Cooking for One or Two

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Cooking for One.jpgTry these strategies for planning balanced, nutritious meals when cooking for just one or two people. Stay tuned for more tips on this topic next week!


It can be tempting to think that it’s too much trouble to plan and cook a balanced meal for just one or two people, but think of maximizing your nutrition as part of your self-care routine. You deserve it! Here are some helpful strategies.

Use MyPlate to plan balanced meals.                                      

MyPlate is based on the Dietary Guidelines for Americans, which provides evidenced-based recommendations for nutrition and health for Americans ages two and older. Key strategies to maximize nutrition include the following:

  • Fill half your plate with nutrient-rich fruits and vegetables.
  • Choose different kinds of colorful vegetables to provide a greater variety of nutrients.
  • Choose low-fat or fat-free dairy products for calcium and other important nutrients.
  • Eat a variety of lean, animal-based protein sources, such as lean cuts of meat, poultry and fish (including fatty fish), and plant-based protein sources, including nuts, seeds, beans, peas and soy products.
  • Choose whole fruits, including fresh, frozen and canned in 100 percent  juice, over fruit juice most of the time.
  • Aim to eat whole grains for at least half of your daily grain servings. Whole grains include 100 percent whole wheat products, brown rice and ancient grains like quinoa, amaranth, millet and whole corn.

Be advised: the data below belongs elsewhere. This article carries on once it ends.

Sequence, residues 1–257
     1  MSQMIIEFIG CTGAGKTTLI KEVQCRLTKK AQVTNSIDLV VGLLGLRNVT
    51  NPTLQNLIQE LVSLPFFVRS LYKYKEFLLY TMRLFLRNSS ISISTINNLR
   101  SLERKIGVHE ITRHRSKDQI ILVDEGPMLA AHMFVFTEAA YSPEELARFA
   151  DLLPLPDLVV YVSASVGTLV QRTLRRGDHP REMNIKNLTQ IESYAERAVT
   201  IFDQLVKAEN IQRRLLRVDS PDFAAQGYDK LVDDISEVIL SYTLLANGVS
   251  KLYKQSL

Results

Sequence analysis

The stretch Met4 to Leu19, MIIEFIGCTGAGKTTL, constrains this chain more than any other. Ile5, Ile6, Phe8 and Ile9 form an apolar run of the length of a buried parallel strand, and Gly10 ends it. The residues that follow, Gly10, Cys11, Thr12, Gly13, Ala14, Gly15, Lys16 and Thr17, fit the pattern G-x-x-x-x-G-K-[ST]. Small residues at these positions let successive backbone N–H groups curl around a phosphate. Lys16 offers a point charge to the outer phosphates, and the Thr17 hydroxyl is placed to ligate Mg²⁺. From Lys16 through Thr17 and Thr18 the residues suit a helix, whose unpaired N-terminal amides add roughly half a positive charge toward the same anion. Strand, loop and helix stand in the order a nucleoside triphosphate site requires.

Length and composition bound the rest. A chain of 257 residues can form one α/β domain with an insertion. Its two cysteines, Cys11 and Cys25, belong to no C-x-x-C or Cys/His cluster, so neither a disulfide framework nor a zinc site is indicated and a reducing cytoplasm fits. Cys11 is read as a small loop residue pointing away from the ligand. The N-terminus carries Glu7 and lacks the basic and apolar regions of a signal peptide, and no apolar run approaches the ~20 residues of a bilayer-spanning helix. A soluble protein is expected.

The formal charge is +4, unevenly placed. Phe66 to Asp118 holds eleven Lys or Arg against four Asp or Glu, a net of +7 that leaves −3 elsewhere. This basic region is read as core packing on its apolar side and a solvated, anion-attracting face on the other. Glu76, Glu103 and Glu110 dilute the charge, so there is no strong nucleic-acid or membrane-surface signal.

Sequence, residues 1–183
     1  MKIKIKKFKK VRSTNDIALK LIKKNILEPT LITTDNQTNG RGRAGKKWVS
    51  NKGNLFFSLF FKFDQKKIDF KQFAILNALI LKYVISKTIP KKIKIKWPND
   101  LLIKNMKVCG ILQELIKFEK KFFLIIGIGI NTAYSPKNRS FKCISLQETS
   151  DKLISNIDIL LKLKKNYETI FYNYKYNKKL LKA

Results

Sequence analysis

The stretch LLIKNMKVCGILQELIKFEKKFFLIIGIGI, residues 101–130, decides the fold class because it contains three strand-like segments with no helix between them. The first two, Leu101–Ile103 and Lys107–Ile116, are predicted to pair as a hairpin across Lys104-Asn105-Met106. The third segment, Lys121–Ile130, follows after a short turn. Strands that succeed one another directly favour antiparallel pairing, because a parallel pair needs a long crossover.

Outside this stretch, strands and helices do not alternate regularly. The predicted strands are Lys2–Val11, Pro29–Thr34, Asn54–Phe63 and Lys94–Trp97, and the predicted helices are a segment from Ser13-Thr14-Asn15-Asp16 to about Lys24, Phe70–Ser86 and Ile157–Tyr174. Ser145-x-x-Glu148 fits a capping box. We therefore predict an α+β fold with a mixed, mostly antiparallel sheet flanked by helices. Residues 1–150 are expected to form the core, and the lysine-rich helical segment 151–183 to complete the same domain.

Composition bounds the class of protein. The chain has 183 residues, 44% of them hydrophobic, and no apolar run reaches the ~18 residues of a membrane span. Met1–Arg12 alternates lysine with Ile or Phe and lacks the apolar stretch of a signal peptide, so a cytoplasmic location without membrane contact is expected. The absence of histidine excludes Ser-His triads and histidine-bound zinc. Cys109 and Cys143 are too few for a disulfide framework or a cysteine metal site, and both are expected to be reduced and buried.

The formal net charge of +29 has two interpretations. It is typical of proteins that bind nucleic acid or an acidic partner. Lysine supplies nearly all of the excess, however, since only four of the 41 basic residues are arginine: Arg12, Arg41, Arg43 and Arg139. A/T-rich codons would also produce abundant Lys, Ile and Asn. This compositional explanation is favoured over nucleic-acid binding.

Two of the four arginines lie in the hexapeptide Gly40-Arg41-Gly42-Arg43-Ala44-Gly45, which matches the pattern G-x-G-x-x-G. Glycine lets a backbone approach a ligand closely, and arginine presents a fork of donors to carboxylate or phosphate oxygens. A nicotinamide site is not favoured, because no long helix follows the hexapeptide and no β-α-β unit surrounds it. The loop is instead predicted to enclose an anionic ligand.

Create a grocery shopping plan to allow for nutritious meals, while eliminating food waste.

Here are some helpful hints:

  • Shop with a list. (A good guideline for everyone!)
  • Choose fruit according to ripeness based on when you plan to eat or use it. (I.e., buy ripe fruit only if you will eat it in the next day or two.)
  • Check the back of the grocery display for fresher produce.
  • Choose frozen and canned fruits and vegetables, which will keep longer.
  • Rethink buying in bulk. Yes, the unit price can be lower, but is it really saving money if part of it goes to waste? Sometimes, buying a smaller quantity (i.e., a 6 oz. container of yogurt) that you will actually use is less expensive.
  • Buy meats and poultry in larger quantities, prepare one portion, and immediately freeze the rest in individual portion sizes.

This article was written by Brittany Bingeman, Extension Assistant Professor FCS, Washington County

References:

  1. U.S. Department of Health and Human Services and U.S. Department of Agriculture. (2015). 2015 – 2020 Dietary Guidelines for Americans. 8th Edition. Retrieved October 5, 2017, from https://health.gov/dietaryguidelines/2015/guidelines/.
  2. Henneman A. (2012). Planning Healthy Meals for One or Two – A Checklist. University of Nebraska Lincoln Extension. Retrieved from https://food.unl.edu/documents/Cookingfor1or2.pdf
  3. Allen R. Cooking for One or Two. University of Kentucky Cooperative Extension Service. Retrieved from http://www.frontierdistrict.k-state.edu/health-nutrition/food-preparation/docs/Health%20Nutrition%20Cooking%204%20One%20Or%20Two.pdf
  4. Henneman A. Reducing the Size of Recipes. University of Nebraska Lincoln. Institute of Agriculture and Natural Resources. Retrieved from https://food.unl.edu/reducing-size-recipes-0
  5. McEntire JC. (2011). Handle Leftovers with Care. FoodSafety.gov website. Retrieved from https://www.foodsafety.gov/blog/leftovers.html

6.   FoodSafety.gov. Storage Times for the Freezer and Refrigerator. Retrieved from https://www.foodsafety.gov/keep/charts/storagetimes.html

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